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Workflow Deployment Planning

Siebel Business Process Designer is a customizable business application that lets you define, manage, and enforce your business processes. It allows you to design complex workflow processes and automate the enforcement of business policies and procedures. For information on using and administering Siebel Business Process Designer, see Siebel Business Process Designer Administration Guide.

The application has the following modules:

  • Workflow Processes. This module lets you define your company's business processes using a familiar flowcharting interface. A workflow process consists of one or more process steps, such as start steps, subprocesses, decision points, and tasks.

    The Workflow Process Designer is located in Siebel Tools.

  • Workflow Policies. This module lets you define policies that can act as triggers to execute a process. A policy consists of conditions and actions. When policy conditions are met, the policy action executes the relevant process.
  • State Models. This module is used for defining business object states and state transitions.

Each user request to the Workflow Process Manager starts a new thread. However, sessions for Object Manager components (such as EAI Object Manager or Application Object Manager) that may invoke workflow processes are cached and reused for subsequent requests. When sizing a system, look at the maximum number of workflow tasks you expect to have active at a given time. This determines the maximum number of Object Manager sessions Siebel applications create.

Starting with Siebel 7.0, Business Integration Manager and Business Integration Batch Manager have been deprecated, so if you were using either one in your business processes you need to replace them with Workflow Process Manager or Workflow Process Batch Manager, respectively.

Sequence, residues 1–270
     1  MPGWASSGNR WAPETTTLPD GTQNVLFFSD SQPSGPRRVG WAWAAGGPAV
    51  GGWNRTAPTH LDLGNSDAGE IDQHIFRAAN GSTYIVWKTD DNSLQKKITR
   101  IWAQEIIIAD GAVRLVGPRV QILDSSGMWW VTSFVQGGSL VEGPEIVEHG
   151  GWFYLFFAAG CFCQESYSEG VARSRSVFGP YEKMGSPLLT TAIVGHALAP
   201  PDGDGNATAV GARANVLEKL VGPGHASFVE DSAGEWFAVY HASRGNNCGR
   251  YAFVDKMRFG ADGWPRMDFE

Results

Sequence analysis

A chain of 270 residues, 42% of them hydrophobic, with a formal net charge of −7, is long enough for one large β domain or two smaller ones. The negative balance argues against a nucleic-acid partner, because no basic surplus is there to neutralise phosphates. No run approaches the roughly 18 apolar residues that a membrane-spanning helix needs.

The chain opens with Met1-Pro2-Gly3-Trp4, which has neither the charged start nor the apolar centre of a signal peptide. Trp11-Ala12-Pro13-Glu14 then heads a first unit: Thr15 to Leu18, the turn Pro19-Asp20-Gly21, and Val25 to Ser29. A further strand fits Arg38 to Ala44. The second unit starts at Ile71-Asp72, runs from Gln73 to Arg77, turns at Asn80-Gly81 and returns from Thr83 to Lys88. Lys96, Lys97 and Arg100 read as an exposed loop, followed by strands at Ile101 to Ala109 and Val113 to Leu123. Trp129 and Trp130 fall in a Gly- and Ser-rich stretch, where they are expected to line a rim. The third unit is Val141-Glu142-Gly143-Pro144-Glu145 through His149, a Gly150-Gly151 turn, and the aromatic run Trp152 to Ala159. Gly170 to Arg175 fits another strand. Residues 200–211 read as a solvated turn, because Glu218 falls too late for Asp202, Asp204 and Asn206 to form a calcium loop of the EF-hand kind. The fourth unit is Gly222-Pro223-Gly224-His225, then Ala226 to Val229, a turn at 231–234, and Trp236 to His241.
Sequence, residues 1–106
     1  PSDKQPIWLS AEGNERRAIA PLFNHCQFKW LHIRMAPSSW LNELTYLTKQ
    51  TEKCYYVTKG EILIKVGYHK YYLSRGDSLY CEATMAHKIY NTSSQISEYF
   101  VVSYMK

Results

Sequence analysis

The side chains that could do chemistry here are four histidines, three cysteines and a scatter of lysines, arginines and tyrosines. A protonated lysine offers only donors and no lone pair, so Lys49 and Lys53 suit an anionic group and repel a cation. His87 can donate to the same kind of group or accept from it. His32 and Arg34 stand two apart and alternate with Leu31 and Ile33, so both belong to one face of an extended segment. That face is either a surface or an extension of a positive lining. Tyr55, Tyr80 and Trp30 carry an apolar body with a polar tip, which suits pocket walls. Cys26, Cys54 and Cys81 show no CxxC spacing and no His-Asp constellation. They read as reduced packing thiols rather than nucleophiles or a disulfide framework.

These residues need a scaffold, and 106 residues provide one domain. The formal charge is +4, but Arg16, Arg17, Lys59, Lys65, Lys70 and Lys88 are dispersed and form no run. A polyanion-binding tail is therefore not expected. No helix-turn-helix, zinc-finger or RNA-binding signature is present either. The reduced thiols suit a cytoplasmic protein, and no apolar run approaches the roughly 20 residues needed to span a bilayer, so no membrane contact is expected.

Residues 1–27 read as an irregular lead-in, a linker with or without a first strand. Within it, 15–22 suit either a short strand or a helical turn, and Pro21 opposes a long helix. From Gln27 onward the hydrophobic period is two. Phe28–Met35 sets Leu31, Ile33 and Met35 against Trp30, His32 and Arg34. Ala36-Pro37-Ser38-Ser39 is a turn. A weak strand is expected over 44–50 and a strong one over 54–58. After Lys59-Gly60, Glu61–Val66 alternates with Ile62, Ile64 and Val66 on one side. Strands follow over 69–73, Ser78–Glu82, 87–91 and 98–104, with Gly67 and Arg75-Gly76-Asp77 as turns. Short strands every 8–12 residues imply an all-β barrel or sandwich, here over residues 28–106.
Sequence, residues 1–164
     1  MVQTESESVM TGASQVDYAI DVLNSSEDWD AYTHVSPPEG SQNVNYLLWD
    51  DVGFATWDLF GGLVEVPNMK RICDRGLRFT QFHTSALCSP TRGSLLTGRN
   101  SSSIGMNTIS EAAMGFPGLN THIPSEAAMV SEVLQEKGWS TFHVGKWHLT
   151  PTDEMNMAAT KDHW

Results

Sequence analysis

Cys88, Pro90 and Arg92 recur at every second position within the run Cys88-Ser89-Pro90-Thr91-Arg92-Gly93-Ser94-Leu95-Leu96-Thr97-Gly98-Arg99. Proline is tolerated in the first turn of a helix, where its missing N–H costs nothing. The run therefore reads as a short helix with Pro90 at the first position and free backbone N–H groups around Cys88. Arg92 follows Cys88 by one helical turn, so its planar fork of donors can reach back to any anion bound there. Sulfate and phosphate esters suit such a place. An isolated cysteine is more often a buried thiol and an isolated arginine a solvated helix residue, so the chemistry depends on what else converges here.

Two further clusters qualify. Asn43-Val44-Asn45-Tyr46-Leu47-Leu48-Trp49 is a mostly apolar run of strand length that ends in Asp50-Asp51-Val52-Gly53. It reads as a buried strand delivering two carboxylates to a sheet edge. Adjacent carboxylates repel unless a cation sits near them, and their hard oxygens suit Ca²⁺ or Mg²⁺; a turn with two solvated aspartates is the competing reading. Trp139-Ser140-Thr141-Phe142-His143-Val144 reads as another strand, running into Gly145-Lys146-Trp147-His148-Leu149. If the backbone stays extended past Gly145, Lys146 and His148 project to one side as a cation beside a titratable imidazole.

The exact CPU and memory consumption of each task depends on the actions performed in your workflow processes. To estimate CPU and memory consumption in your production environment, run a single task, measure its resource consumption, and make an estimation based on your maximum concurrent sessions. Take session caching into account when making these measurements.

If you need a large number of sessions, you may want to run Workflow Process Manager on multiple Siebel Server machines. You can then load-balance requests across the Siebel Servers. If you plan to run a significant number of tasks per server (such as 100 or more), you may also want to run multiple multithreaded processes.

If you are going to run several different types of workflows, you should run each type in a separate process. This makes it easier to monitor the overall CPU and memory usage of each process type.

The number of multithreaded processes, and the number of tasks per process are controlled through the parameters MaxMTServers (Maximum MT Servers), MinMTServers (Minimum MT Servers), and MaxTasks (Maximum Tasks).

These parameters are per Siebel Server. For example, MaxMTServers refers to how many multithreaded processes to run on each Siebel Server machine. For details, see Siebel System Administration Guide.

Deployment Planning Guide